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Colwood mom raises alarm over inaction by bus driver, school district after son hit by SUV

Kristina Judas is concerned by a lack of action by a school bus driver after the incident
Hudson and Kristina Judas outside their home on the Royal Roads campus in Colwood. Hudson was struck by a car while walking off his bus on campus. (Bailey Moreton/News Staff)

A Colwood mother is raising concerns over a lack of accountability in Sooke School District 62 after her son was struck by a car while getting off a school bus – and left at the scene to walk home alone.

Hudson Judas, 11, stepped off of bus 16 at its stop at the intersection of University Drive and West Campus Road at about 3 p.m. on May 27, mom Kristina Judas told Black Press Media in a phone interview Tuesday. With the bus stoplights flashing, he began to enter the crosswalk in front of the bus when a blue SUV side-swiped him while the driver was making a left turn.

“It hit his arm with the mirror and flung him around, so he hit his head and left side of his body and blacked out for a second,” said Judas.

The incident left Hudson with a concussion and multiple bruises.

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West Shore RCMP is now looking for the driver, described as a Caucasian man aged 55 to 60 with short grey hair, glasses and a stocky build standing 5’6”.

As her son’s recovery continues, Judas says her most serious concern isn’t just the collision itself but the inaction of the bus driver after he was hit.

“The bus driver was sitting in the bus, never left the bus, but was yelling out the window, ‘It’s a $10,000 fine,’” Judas said.

According to her son, both men asked verbally if he was OK, to which he shakily confirmed. The driver of the SUV offered to let him sit in his passenger seat, but the bus driver never left his chair, instead telling the boy to run home as fast as he could before driving away.

“The bus driver never called the cops, he never called the transportation department (at SD62), he just left, and Hudson was the last kid on the bus,” she said, adding that the transportation department didn’t know the incident had happened when she asked.

Judas went on to call the Royal Roads University campus security, as the bus stop is on campus, to see if they had reports from any witnesses or security footage available. With their help, she filed a police report.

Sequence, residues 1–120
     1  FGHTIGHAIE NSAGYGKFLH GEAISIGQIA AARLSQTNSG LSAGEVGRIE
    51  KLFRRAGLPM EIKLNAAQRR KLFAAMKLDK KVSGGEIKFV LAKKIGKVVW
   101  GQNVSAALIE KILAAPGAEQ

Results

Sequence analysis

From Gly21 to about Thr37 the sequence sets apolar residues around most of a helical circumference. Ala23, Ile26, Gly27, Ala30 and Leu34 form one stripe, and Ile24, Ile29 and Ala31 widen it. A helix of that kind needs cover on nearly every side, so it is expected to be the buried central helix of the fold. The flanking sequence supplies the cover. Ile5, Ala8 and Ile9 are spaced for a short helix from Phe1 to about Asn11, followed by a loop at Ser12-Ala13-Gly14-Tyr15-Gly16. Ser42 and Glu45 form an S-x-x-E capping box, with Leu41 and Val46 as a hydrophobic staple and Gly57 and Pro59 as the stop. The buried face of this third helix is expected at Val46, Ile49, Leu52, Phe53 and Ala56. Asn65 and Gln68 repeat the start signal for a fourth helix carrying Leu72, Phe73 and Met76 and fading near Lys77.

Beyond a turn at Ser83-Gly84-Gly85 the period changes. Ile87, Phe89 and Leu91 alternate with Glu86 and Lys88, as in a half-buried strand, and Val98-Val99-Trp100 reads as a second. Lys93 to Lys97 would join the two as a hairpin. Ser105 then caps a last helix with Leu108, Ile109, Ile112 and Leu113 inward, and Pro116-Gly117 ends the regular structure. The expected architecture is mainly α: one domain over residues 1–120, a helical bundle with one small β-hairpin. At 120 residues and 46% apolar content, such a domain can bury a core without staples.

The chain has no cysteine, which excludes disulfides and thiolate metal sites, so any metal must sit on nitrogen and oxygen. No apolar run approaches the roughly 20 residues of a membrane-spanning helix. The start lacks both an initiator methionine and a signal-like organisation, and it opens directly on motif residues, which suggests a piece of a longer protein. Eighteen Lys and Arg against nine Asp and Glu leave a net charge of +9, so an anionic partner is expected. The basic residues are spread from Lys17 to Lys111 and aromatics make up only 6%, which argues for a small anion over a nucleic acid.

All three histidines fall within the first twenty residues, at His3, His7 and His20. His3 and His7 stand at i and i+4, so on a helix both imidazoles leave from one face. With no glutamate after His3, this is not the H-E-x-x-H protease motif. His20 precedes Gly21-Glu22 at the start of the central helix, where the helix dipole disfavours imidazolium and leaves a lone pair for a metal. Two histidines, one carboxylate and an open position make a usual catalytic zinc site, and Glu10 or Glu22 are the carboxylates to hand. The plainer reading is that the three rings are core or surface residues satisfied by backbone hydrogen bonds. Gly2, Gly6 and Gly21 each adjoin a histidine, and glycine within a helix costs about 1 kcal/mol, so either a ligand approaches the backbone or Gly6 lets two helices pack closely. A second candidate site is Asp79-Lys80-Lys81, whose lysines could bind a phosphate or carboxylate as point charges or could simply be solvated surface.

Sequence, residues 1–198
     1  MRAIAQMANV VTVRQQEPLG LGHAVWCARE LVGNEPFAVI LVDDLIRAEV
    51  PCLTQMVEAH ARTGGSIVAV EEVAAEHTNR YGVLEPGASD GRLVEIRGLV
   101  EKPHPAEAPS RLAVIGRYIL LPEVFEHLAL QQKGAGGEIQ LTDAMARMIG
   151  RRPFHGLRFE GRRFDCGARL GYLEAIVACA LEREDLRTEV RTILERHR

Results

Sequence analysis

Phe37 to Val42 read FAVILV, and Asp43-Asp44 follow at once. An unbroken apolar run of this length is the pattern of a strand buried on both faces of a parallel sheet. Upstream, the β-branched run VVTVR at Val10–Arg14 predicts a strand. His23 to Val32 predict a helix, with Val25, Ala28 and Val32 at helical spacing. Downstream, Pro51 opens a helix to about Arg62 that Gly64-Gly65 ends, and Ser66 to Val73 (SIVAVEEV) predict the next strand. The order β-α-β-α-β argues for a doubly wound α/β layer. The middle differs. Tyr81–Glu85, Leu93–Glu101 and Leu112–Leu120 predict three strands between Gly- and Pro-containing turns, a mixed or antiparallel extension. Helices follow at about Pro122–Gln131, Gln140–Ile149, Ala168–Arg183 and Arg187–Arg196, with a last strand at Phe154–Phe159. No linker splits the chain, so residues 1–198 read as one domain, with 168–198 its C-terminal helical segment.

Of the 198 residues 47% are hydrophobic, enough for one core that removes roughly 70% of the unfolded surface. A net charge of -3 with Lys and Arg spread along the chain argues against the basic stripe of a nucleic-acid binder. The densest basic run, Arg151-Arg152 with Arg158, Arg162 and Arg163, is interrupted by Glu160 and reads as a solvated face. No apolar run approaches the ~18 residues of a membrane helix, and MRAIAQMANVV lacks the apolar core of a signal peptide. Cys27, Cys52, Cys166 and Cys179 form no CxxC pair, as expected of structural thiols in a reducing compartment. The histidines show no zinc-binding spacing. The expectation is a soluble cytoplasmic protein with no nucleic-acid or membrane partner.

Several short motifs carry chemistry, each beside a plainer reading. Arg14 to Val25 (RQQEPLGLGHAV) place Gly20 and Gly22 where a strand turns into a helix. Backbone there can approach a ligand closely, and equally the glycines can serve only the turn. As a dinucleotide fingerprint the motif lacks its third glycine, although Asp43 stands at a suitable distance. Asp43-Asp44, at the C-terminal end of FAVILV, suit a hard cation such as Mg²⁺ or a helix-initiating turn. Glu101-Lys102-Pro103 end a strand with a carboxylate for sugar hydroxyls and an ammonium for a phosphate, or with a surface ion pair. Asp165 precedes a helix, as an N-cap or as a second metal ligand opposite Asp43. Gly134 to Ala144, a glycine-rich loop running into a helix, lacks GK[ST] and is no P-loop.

A Mountie met with the family at the hospital where she was told that finding the driver could be difficult as this particular bus happened to not be equipped with a camera, as many buses in the district are.

Since the incident, Judas has spoken with school district officials but said it failed to alleviate her concerns with the situation as she was told little information could be shared with her due to privacy regulations involving district employees.

“I’ve heard nothing, and everyone just keeps telling me it will all take time, but I’m sorry, a kid was struck. Something really bad could have happened to my kid … he physically cannot do anything for a week and he is emotionally paying the price.”

Judas is hoping her efforts will lead to better training for school bus drivers so they can respond to such a situation more effectively, and for changes to the no-fault ICBC legislation which prevents civil suits being launched as a result of collisions.

In an emailed statement to Black Press Media, the Sooke School District said it was aware of the incident and they are cooperating with an RCMP investigation.

“The Sooke School District will also conduct an internal review of our transportation safety protocols and processes as we do after any incident or accident.”

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Justin Samanski-Langille

About the Author: Justin Samanski-Langille

I moved coast-to-coast to discover and share the stories of the West Shore, joining Black Press in 2021 after four years as a reporter in New Brunswick.
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